From the Publisher
"...a great tale [that] builds to an exciting and violent ending, one that surprises and yet seems to fit."
... buoyant and moving ....beautifully balanced between magical and realist fiction... closer in tone and voice to Alice Sebold's 'The Lovely Bones' or Richard Ford's Frank Bascombe trilogy."
-Atlanta Journal Constitution"
A ghost story, family psychodrama, and murder mystery all in one. Jackson's latest is a wild, smartly calibrated achievement. A-."
Jackson matches effortless Southern storytelling with a keen eye for character and heart-stopping circumstances."
Joshilyn Jackson has done it again... her skillful unraveling of family secrets and betrayal left me breathless. You must read this book!"
-Sara Gruen, New York Times bestselling author of WATER FOR ELEPHANTS
Laurel, the center of Jackson's emotionally taut third novel, has a seemingly picture-perfect life, but when her daughter's best friend accidentally drowns in their pool and appears to Laurel in spirit form, things unravel quickly. Jackson's honey-sweet tones heat up into panic and confusion as everything Laurel depends on falls away. While set in the languid deep South, the pace is rapid. Jackson's reading keeps things brisk without going too swiftly. Jackson's excellent reading allows characters' voices to reveal much about their histories and personalities: Laurel's gentle but determined manner, her outrageously funny sister's sarcasm, the thick drawl of an impoverished girl visiting from Alabama. A brief interview with Jackson at the end offers some insight into the book's genesis and development and into her writing habits. Simultaneous release with the Grand Central hardcover (Reviews, Oct. 29). (Mar.)Copyright © Reed Business Information, a division of Reed Elsevier Inc. All rights reserved.
On the heels of the successful Gods in Alabamaand Between, Georgia-both #1 BookSense picks-Jackson again reinvents the (Girls Raised in the South) novel. Quilt artist Laurel, her game programmer husband, David, and their 13-year-old daughter, Shelby, lead a seemingly charmed life in a serene Florida suburb. But when the ghost of a drowned girl awakens Laurel, the veneer of that life seems ready to crack beyond repair. Can Laurel trust her flamboyant, outspoken sister, Thalia, to help as old family secrets emerge with dizzying speed? With the appearance of a ghost on the first page, you'll feel compelled to race to the end, but slow down for Jackson's great descriptions-you'll be rewarded for the effort. Jackson illuminates not just the complexities of family love as a source of safety and support but also the complexities of danger and death. The life-affirming epilog provides satisfying closure; libraries will want to own all three novels. [See Prepub Alert, LJ11/15/07.]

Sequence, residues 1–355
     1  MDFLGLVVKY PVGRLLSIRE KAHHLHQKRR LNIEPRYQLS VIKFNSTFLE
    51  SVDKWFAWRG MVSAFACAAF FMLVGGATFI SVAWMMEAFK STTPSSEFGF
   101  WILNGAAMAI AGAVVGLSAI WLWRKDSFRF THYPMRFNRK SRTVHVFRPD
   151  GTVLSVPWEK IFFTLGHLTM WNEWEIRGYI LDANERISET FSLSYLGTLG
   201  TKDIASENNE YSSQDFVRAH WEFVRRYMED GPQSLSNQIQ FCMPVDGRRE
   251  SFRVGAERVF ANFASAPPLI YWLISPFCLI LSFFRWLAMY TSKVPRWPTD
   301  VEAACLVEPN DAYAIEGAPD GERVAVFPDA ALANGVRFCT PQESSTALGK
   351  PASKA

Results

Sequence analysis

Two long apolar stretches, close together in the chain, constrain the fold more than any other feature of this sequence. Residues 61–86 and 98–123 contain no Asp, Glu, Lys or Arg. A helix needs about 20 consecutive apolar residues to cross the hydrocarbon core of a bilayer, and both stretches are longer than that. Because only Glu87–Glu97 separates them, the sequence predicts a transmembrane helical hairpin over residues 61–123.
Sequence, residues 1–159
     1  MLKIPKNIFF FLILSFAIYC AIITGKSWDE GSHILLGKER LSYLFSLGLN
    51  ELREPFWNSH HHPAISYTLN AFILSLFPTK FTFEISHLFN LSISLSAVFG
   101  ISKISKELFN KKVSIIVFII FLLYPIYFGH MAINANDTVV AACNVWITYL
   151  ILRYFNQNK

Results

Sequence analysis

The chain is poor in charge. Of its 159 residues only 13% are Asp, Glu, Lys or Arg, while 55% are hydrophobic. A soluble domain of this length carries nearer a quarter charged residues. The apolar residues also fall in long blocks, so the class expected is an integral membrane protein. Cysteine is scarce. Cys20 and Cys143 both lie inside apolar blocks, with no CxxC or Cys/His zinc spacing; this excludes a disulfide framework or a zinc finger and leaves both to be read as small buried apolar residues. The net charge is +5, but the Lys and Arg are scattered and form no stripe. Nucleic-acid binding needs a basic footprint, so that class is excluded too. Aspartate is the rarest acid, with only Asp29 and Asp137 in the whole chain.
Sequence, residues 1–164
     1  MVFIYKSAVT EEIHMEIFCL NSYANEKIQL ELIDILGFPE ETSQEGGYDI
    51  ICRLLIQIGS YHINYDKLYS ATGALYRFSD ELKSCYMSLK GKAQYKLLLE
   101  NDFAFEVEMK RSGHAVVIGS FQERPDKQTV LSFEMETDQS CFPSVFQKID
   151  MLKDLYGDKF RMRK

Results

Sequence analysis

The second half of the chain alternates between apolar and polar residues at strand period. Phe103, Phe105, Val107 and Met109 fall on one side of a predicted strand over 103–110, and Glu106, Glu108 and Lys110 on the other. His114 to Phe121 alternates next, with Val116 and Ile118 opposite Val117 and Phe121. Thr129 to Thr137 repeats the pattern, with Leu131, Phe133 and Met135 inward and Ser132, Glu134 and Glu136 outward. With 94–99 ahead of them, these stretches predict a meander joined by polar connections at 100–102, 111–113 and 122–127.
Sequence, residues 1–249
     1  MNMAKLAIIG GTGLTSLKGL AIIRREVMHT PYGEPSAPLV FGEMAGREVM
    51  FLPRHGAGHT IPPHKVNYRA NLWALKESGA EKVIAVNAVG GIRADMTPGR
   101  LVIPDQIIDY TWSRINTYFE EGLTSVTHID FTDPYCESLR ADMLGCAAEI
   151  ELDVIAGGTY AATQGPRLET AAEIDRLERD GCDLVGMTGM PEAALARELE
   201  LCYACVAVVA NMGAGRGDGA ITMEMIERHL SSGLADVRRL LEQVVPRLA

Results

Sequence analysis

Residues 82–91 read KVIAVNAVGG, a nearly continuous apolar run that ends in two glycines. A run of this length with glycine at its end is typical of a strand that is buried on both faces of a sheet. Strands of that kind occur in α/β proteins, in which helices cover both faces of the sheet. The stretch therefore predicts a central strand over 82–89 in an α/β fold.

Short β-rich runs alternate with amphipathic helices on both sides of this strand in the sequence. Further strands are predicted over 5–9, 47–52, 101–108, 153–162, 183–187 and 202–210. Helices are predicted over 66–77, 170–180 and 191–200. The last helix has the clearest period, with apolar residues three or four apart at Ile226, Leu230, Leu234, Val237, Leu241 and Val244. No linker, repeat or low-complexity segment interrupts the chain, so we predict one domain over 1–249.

Ghosts, more figurative that literal, haunt Jackson's third novel (Between, Georgia, 2006, etc.). Laurel, who makes artistic quilts, and her computer geek husband, David, live with their 13-year-old daughter Shelby in Victorianna, a gated community in South Georgia near the Alabama line. One night, Laurel sees/dreams about the ghost of Shelby's best friend Molly, who is dripping wet. Laurel watches as Molly passes through her bedroom window and sinks to the bottom of Laurel's swimming pool. Laurel wakes screaming. In fact, Molly has drowned in what the police rule an accident. But Laurel has suspicions about a creepy neighbor. She is also terrified Shelby is somehow involved although Shelby swears she was asleep, as was her cousin Bet. Bet has been visiting for the summer, Laurel's pet charity case from the trailer-trash town that Laurel's mother escaped through marriage years ago. Using Bet's pathetic need for affection, Laurel pulls worrisome information from her and begins to track the truth about Molly's death. Lovably Aspergish David can't help, and Laurel's mother pretends never to see ugly truths, so Laurel, who has her own difficulty disturbing decorum, turns to her older sister Thalia, an actress who likes to live on the edge and has always found both Laurel's life in Victorianna and her marriage stultifying. With Thalia around, cracks begin to appear on the surface of Laurel's ever-so-controlled life. Thalia forces Laurel to confront problems in her marriage and to realize that the death of her Uncle Marty, her first "ghost," was not what it seemed. Laurel is meant to be the heroine but she's such a dolt, readers may not feel she deserves her happy ending after jumping toconclusions that turn out dangerously wrong. The tragic figure, Bet, gets short shrift, as if Jackson doesn't quite know what to do with her. An entertaining but shallow spin on a Southern Gothic.